Our consideration of the record convinces us that the appellant's claim of error is sustained and that the finding of the trial court upon which was based its judgment of remission of forfeiture evidences a misconception of the proper force and effect of the testimony in the case when considered in connection with the provisions and purpose of the statute, and is consequently clearly erroneous. If the contrary finding is not required as a matter of law, it clearly is the only one which properly should be made as a matter of fact. As shown by the claimant's own testimony, on the night the automobile was seized, Newton Dodd, referred to in the testimony as Newt, and a boy named Plunkett, came by his house to get him to post bond for Newt's son, Grady, Robert Plunkett and Lecil Plunkett, who had shortly before been arrested at an illegal distillery. He and his son Dewey took Newt and the Plunkett boy and made bond for the three confined. Dewey is claimant's son and Newt is his second cousin, and Grady is Newt's son and claimant's third cousin. Returning home around twelve o'clock, midnight, claimant got out of the car at his home and told Dewey to take the other people home. Shortly after daylight he was notified that the car had been seized as above stated. Claimant testified that his son used the car any time he wanted it, but that if he and Newt had any arrangements about hauling liquor before he got out of the car he did not know anything about it and nothing was said to this effect. The claimant admitted knowledge of the extensive record of his relative Newt Dodd for violating the liquor laws. This record, as shown by the evidence, discloses that Newt Dodd has received penitentiary sentences in four cases. In five other cases he had received fines. He had been convicted in 1927, 1930, 1931, 1933, 1939 three times in 1940, in 1946, and 1949. He admitted knowledge of the record of his son, Dewey, for violations of the liquor laws. This record included a conviction in 1937 for manufacturing whiskey, and in 1939 for an attempt to manufacture whiskey. He was arrested in 1949 with a gallon of whiskey in the automobile in which he was riding, but the case against him was dismissed because the other party in the automobile claimed the whiskey. Only a month and a half prior to the seizure giving rise to the instant case, Dewey was arrested for possessing illegal liquor, but the case was nol prossed upon his payment of the court costs. Claimant himself has, on two occasions, been arrested for illegal possession of small quantities of non-tax-paid liquor. The claimant's admitted knowledge of such prior records and violations of the liquor laws by his son and his two relatives who were in the car at the time he permitted it to be driven away from his home, immediately after one of such relatives had been freed from jail after arrest upon a liquor distilling charge, leaves the attempt to prove by the county sheriff and the county solicitor that Dewey Dodd had a good reputation without any substantial weight. On behalf of the government it was testified that Dewey had a bad reputation concerning liquor and that Newt Dodd's reputation was of dealing with liquor continuously except when he was serving sentences of confinement. In the circumstances of the case, we see no proper basis for any finding other than that the claimant, in the exercise of the reasonable diligence which the law requires, had reason to believe that his automobile would be used in the violation of the laws of the United States or the State of Alabama relating to liquor.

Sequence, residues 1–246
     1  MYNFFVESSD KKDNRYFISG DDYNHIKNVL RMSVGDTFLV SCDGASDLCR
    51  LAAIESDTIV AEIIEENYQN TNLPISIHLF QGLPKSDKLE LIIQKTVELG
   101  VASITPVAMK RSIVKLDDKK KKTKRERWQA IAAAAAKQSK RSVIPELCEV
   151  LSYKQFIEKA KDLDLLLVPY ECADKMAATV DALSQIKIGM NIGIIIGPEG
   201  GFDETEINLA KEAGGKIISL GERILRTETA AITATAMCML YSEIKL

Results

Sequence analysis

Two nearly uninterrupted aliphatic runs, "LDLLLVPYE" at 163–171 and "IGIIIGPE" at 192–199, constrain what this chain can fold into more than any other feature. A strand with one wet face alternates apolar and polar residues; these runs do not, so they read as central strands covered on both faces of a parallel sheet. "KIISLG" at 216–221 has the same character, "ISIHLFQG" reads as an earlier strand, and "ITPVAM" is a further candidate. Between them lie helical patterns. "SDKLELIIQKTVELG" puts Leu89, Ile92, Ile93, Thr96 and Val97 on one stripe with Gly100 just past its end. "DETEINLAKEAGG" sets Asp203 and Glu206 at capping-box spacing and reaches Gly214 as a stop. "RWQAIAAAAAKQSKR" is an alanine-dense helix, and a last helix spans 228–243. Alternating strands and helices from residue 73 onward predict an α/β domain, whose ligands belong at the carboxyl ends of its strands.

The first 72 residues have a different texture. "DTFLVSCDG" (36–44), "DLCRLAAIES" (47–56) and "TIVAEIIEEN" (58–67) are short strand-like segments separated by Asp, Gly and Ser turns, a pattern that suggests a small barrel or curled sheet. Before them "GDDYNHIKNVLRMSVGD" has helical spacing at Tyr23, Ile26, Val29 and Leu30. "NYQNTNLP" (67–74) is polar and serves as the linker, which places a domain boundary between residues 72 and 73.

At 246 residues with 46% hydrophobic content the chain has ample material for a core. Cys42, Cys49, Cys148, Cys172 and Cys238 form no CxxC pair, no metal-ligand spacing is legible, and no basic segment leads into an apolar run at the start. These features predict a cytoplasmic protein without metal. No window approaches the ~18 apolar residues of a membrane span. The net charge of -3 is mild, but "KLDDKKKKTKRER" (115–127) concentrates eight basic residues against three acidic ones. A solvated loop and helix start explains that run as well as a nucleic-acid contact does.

Congress enacted the remission statute, supra, to provide a means of relief in meritorious cases. The court has no discretion to decree remission until the applicable conditions precedent to such relief have been complied with. United States v. Federal Credit Co., 5 Cir., 117 F.2d 341; United States v. One 1937 La Salle Sedan Automobile, 10 Cir., 116 F.2d 356; Universal Credit Co. v. United States, 4 Cir., 111 F.2d 764. Although this statute is remedial in its nature, where it appears that a claimant has been negligent or in good conscience ought not to be relieved, the court should deny his application. United States v. One 1936 Model Ford Coach, 307 U.S. 219, 226, 59 S. Ct. 861, 83 L. Ed. 1249. As we recently held in United States v. One 1950 Lincoln Sedan, 5 Cir., 196 F.2d 639, the granting of relief under this statute is not a matter of equity and since it is not, the court has no power to relax the express provisions of the statute.

In order to secure the relief provided for by this statute it was encumbent upon claimant to prove not only that he had no knowledge that his automobile was being or would be used in the violation of the liquor laws, but also that he had no reason to believe that it would be so used. While this requirement is exacting, it is nevertheless a prerequisite of the remission statute.

Giving to the evidence and the circumstances in the case the weight and effect to which we think they are properly entitled, we are unable to approve the finding of the trial court and are constrained to set it aside as clearly erroneous. We reverse the judgment and remand the cause with directions that the prayer for the remission of the forfeiture of the automobile be denied.

Reversed and remanded.


18 U.S.C.A. § 3617; United States v. Frank Graham Co., 5 Cir., 199 F.2d 499